Saturday, January 1, 2021
The funeral mass for South African anti-apartheid campaigner Archbishop Desmond Tutu is set to take place on Saturday morning in Cape Town.
Tutu, a Nobel Peace Prize winner who helped end the racist regime in South Africa, died last Sunday aged 90.
His death prompted an outpouring of grief among South Africans.
Thousands have paid their respects at St George’s Cathedral where his body has been lying in state in a simple casket.
Tutu was one of the driving forces behind the movement to end the policy of racial segregation and discrimination enforced by the white minority government against the black majority in South Africa from 1948 until 1991.
He will be given an official state funeral with South African President Cyril Ramaphosa expected to deliver the main eulogy.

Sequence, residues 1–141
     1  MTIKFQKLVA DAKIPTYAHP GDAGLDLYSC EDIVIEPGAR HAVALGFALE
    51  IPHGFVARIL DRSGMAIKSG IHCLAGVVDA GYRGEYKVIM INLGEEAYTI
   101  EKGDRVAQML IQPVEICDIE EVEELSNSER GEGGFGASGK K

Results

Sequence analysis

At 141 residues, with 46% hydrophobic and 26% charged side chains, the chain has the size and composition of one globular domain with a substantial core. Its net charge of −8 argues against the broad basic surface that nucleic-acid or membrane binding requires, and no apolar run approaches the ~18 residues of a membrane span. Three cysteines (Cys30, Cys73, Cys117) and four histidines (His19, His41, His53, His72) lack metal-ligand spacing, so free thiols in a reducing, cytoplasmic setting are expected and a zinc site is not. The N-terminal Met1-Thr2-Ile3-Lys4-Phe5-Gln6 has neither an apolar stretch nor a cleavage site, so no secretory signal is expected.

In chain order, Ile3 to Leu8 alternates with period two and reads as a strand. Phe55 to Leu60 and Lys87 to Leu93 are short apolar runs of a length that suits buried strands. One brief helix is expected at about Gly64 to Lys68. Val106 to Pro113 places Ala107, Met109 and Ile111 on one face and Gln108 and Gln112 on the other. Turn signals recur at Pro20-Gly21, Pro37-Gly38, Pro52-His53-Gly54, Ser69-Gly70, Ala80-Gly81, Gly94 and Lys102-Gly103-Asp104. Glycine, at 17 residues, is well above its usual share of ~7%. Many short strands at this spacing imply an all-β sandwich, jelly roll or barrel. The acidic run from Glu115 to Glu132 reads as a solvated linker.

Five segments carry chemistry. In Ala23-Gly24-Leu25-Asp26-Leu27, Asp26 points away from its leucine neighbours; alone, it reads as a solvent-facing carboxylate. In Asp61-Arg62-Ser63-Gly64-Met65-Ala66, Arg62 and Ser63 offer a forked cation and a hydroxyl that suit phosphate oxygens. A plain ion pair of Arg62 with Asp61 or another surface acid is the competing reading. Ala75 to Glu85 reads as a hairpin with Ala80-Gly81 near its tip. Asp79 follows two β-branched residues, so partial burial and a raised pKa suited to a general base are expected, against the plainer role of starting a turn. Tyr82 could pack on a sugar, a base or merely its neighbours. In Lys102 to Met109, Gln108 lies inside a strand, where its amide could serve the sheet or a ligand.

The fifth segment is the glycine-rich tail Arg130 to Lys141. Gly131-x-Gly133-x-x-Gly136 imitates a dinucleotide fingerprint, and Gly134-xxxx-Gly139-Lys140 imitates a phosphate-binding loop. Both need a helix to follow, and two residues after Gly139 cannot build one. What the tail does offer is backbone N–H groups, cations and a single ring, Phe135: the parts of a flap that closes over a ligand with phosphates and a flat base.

He also said the only flowers in the cathedral should be a “bouquet of carnations from his family”, according to the Archbishop Tutu IP Trust and the Desmond and Leah Tutu Legacy Foundation.
His ashes are to be interred behind the pulpit at St George’s Cathedral in Cape Town – the Anglican diocese he served as Archbishop for 35 years.
It was earlier revealed that Tutu is to be aquamated – a process using water that is described as an environmentally friendly alternative to cremation.
Many people in Cape Town turned up to file past the archbishop’s coffin as it lay in state.
One man, Wally Mdluli, hitchhiked more than 1,000km (620 miles) across the country from Bloemfontein to Cape Town – enlisting the help of family and friends to pay for some of the trip and even sleeping at a petrol station on the way.